Our Patron Saint
St. Jude Thaddeus
Around the world people turn to St. Jude Thaddeus, patron saint of seemingly impossible or difficult causes, when they feel most helpless and alone. St. Jude has proven to be a true friend and a beacon of hope to those who call on him-always willing to help no matter how desperate the need.
The feast of St. Jude Thaddeus is celebrated each year on October 28.
Tradition tells us that St. Jude, also known as Thaddeus, was a brother of St. James the Less and a relative of Jesus Christ. He was one of the 12 Apostles of Jesus. Images of St. Jude often include a flame around his head and also often depict St. Jude holding an image of Christ. He is also occasionally seen holding a carpenter's ruler or with a scroll and book, the Epistle of Jude.
Many Biblical scholars agree that St. Jude was a son of Clopas and his mother Mary was the cousin of the Virgin Mary. Ancient texts tell us that he preached the Gosepl in Judea, Samaria, Idumaea, Syria, Mesopotamia, and Lybia. According to Eusebius, he returned to Jerusalem in the year 62, and assisted at the election of his brother, St. Simeon, as Bishop of Jerusalem.
Little else is known of his life but legend claims that he visited Beirut and Edessa and could have been martyred with St. Simon in Persia. There is some debate about where St. Jude died but most Biblical scholars agree that he was martyred, possibly in Armenia or Beirut. Following his death, St. Jude's body was taken to Rome and left in a crypt in St. Peter's Basilica. Today his bones can be found in the left transept of St. Peter's Basilica under the main altar of St. Joseph in a tomb he shares with the remains of the apostle Simon the Zealot.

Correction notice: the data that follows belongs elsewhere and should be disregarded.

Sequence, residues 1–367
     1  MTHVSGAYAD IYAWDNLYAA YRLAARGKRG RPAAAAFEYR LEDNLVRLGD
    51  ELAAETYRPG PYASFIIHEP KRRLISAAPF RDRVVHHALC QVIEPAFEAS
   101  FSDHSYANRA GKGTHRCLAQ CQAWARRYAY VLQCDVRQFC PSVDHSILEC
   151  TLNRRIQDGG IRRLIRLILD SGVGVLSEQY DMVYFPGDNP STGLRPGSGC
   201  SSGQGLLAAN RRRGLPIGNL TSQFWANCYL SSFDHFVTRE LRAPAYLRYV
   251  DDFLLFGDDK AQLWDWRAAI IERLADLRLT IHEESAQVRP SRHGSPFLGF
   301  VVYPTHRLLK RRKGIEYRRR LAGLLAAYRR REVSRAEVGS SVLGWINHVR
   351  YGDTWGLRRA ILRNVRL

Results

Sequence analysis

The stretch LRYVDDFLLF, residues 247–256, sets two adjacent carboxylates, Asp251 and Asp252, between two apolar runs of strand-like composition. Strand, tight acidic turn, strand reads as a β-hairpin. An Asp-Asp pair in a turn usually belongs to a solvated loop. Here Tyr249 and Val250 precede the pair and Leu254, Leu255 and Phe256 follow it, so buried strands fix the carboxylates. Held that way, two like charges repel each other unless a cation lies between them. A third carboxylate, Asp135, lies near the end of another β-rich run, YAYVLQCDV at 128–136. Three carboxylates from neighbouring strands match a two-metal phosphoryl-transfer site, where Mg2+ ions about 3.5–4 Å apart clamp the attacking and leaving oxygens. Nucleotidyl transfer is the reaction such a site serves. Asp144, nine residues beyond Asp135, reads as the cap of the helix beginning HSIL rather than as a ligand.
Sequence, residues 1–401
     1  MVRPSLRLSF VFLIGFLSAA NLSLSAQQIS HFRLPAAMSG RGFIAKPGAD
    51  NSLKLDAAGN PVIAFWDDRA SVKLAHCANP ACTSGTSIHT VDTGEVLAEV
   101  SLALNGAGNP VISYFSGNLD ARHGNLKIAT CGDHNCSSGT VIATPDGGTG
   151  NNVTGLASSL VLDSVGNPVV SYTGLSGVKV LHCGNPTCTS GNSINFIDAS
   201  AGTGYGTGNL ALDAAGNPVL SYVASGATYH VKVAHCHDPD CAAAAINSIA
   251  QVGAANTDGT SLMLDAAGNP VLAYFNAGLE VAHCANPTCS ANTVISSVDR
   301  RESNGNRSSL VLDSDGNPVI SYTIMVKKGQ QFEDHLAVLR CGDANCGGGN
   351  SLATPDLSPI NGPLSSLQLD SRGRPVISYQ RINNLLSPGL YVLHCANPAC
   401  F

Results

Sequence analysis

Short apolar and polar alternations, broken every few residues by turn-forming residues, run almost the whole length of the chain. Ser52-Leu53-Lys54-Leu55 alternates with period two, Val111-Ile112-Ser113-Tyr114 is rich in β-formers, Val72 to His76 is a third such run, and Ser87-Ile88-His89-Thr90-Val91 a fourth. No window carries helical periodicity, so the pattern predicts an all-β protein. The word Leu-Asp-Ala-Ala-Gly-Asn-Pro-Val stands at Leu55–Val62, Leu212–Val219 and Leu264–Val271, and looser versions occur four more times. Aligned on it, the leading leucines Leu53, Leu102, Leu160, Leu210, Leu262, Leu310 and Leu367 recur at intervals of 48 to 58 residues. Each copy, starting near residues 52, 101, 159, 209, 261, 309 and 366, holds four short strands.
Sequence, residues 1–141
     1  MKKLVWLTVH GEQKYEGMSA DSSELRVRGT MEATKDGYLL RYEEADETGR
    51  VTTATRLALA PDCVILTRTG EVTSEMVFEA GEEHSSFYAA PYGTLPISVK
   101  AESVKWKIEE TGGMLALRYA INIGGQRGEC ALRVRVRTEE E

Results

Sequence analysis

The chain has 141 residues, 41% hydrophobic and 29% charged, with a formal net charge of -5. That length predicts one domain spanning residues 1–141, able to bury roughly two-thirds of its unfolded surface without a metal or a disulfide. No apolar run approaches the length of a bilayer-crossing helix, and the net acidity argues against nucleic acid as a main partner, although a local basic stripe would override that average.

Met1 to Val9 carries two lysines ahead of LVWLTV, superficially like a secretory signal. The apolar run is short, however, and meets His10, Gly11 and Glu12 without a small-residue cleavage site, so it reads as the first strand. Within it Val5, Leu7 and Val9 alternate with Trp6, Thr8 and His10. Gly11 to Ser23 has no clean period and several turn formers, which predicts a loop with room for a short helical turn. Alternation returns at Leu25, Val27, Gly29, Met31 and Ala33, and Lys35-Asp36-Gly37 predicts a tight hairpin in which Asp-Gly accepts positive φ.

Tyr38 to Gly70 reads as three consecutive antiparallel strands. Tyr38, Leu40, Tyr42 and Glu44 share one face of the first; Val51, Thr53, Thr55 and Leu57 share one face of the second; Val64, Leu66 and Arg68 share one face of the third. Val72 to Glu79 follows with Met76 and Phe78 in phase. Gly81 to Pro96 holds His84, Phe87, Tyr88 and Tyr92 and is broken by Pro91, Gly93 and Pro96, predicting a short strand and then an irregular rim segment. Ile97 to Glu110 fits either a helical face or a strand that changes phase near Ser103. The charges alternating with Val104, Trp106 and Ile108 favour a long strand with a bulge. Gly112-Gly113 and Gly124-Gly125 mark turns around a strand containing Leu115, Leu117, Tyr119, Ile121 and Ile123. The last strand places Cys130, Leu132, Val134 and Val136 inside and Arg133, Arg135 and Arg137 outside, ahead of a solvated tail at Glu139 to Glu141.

Pilgrims came to St. Jude's grave to pray and many repoted a powerful intercession which lead to the the title, "The Saint for the Hopeless and the Despaired." Two saints, St. Bridget of Sweden and St. Bernard, had visions from God asking them to accept St. Jude as "The Patron Saint of the Impossible."
Roman Catholics invoke St. Jude when in desperate situations because his New Testament letter stresses that the faithful should persevere in the environment of harsh, difficult circumstances just as their forefathers had done before them; therefore, he is the patron saint of desperate causes.
Many thanks to www.catholic.org for much of the information about the background of St. Jude Thaddeus.